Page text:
Overheard: Filling Your Bucket

The preacher said:

Let’s think about a bucket, some rocks, and some sand.

Let’s say the rocks illustrate our priorities, our bucket list, and the bucket represents our life. The sand represents all of the other things in life that we have to do.

What happens if we put the sand in the bucket first?

We cannot fit all the rocks in, can we?

Our priorities find themselves crowded out.

However, if we put the rocks in the bucket first, the sand sifts around the rocks. They fill in the cracks or the time we have left after our priorities are accomplished.

A woman in a traditional Icelandic costume tea...
A woman in a traditional Icelandic costume teaches a child to read. (Photo credit: Wikipedia)

Let’s apply that to our “how-to” ideas about home schooling, shall we?

Our priority must be that each human being on this earth should learn to read. Why? Because of Habakkuk 2:2 “[…]the Lord replied: ‘Write down the revelation and make it plain on tablets so that whoever reads it may run with it. […]’”

It is recorded forever in the Word of God, that He expects reading to happen. The very fact that He inspired men to write to us, logically leads to His expectations that we read.

Learning to read does not always happen in some educational settings. The child who is slow to read might never learn in some settings.

We, however, in our own homes, have the privilege of customizing the curriculum to fit the child who needs his schoolwork to come at him from a unique angle. We can drill one phonic concept for two days, if needed. We can read while pointing to allow “sight reading” to materialize. We can try glare management, page masking, and many other techniques, at will. No matter how good a teacher might be, she can hardly do this when she is dealing with 20 new readers at once, can she?

So we prioritize reading.

As the student ages, the obvious may surface, that the child is unable to learn to read. “Unable” is not the same as slow. After a couple of years, if reading is not happening at all, no matter what, then it is time to dump the bucket out and rearrange priorities. The new priority is to make sure literate content reaches this child’s mind through whatever means it takes.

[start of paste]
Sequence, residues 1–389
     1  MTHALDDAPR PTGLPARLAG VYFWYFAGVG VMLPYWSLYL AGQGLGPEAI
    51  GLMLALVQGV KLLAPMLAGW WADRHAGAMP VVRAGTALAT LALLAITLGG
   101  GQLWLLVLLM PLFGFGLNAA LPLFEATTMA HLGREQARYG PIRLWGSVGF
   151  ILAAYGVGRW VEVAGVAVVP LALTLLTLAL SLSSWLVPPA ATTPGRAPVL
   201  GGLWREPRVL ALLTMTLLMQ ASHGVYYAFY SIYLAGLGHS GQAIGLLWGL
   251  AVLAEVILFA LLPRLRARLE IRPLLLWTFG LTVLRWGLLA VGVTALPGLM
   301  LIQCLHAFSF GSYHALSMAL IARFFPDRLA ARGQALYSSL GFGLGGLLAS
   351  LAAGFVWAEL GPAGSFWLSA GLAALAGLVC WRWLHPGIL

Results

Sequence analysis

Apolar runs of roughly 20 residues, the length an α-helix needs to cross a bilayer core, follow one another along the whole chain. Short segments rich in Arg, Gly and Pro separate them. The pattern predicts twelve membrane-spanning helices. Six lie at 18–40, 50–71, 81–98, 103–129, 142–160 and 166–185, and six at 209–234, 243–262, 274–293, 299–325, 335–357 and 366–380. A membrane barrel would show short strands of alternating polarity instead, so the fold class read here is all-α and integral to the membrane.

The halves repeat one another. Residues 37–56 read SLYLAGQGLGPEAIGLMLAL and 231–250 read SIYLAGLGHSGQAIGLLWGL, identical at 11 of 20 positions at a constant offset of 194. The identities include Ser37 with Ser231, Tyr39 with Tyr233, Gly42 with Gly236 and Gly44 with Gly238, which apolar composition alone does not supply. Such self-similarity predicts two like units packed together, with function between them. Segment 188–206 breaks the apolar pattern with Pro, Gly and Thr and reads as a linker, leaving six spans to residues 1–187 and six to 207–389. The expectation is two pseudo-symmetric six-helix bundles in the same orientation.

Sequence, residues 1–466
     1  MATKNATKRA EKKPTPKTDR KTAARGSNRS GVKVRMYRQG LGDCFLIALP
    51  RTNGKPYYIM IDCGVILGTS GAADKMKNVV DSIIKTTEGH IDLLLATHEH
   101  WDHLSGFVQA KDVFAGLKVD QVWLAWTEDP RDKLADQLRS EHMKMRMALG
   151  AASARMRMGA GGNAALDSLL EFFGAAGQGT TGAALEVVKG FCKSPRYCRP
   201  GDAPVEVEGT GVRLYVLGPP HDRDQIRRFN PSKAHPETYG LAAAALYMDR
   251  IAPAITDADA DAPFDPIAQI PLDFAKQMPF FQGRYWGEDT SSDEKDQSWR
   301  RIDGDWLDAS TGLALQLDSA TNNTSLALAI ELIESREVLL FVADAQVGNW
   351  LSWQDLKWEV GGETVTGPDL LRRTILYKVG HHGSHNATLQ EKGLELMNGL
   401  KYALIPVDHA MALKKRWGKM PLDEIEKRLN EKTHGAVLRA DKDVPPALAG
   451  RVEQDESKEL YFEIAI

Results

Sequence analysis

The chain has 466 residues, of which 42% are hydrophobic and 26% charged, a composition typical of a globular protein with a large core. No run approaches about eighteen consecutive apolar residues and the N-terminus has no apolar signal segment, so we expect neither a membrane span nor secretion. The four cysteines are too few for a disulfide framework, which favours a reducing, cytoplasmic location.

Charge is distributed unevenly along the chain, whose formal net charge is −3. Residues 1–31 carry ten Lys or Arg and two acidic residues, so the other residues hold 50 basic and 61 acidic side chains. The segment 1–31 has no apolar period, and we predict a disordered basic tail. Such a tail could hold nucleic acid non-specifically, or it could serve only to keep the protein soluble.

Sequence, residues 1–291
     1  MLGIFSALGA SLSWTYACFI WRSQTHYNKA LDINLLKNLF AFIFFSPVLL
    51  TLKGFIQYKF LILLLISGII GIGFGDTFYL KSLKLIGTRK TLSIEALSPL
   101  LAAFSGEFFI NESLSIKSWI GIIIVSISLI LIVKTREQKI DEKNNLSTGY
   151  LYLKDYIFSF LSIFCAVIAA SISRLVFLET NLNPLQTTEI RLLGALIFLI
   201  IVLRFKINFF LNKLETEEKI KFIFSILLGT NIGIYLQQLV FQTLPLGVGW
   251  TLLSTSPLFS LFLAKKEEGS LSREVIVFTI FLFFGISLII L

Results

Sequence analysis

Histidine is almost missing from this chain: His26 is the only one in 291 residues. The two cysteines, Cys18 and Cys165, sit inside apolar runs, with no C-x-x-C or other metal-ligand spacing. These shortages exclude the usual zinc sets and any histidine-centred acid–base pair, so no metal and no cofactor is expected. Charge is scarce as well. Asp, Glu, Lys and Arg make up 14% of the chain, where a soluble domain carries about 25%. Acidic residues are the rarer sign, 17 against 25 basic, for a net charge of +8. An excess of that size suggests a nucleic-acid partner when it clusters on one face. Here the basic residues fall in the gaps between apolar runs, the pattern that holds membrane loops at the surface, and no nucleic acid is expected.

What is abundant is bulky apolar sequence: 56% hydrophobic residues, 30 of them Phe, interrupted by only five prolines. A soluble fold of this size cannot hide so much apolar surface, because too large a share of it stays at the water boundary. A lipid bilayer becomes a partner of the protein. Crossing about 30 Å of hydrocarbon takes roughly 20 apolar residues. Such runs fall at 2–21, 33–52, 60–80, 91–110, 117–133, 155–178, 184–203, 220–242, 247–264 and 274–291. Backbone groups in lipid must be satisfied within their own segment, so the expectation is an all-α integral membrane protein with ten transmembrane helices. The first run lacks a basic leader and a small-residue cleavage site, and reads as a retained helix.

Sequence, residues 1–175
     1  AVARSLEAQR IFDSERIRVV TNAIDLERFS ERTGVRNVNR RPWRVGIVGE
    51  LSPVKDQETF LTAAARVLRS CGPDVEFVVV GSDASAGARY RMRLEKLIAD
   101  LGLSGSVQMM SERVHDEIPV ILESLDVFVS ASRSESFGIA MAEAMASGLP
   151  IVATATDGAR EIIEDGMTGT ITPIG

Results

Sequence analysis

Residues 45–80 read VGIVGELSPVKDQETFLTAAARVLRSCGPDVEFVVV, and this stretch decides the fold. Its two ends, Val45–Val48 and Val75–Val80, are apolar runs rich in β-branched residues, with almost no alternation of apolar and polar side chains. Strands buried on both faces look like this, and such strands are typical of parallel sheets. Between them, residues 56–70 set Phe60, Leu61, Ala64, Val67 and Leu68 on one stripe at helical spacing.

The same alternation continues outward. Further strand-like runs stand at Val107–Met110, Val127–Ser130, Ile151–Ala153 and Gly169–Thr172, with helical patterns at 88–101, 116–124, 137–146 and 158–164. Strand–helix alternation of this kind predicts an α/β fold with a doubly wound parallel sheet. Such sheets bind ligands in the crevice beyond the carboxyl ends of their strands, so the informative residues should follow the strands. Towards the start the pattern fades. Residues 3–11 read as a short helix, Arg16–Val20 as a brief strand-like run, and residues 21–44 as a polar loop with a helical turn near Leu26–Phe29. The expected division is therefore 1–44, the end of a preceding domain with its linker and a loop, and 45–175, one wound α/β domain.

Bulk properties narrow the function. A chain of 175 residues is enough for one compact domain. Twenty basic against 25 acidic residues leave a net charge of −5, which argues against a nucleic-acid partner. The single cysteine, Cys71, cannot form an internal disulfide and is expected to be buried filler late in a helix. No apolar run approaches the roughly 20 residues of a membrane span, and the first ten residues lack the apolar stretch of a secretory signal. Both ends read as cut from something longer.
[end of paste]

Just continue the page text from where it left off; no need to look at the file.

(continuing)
Any writing can be found or created in the audio format.

It becomes the teacher’s duty, then, to provide this input. Although this is a big job, it is not too difficult for one mom with one child, but imagine a teacher of 20 handling it. It’s unfair to her, right?She wants a life, right? But you can do it. In fact, these helps become your priority: They are your life. So at this age, we insert any learning that is age-appropriate, especially Bible, math, and science, always in the audio format. Often, this is how our greatest minds have emerged to benefit mankind. Often, those not programmed to read well, find far more capacity in other disciplines than a good reader does. Although we never stop trying to impress reading skills upon our students, and although they may learn to read as adults, we insist they learn the essentials through whatever means necessary, always looking for that one thing that will be the spark for your own child’s chance at brilliance.

Make a list. Prioritize the big rocks to go into the bucket first.

Yes, you can make a child live happily ever after. That’s a good goal for a life, don’t you think?

Published by Katharine

Katharine is a writer, speaker, women's counselor, and professional mom. Happily married over 50 years to the same gorgeous guy. She loves cooking amazing homegrown food, celebrating grandbabies, her golden-egg-laying hennies, and watching old movies with popcorn. Her writing appears at Medium, Arkansas Women Bloggers, Contently, The Testimony Train, Taste Arkansas, Only in Arkansas, and in several professional magazines and one anthology.

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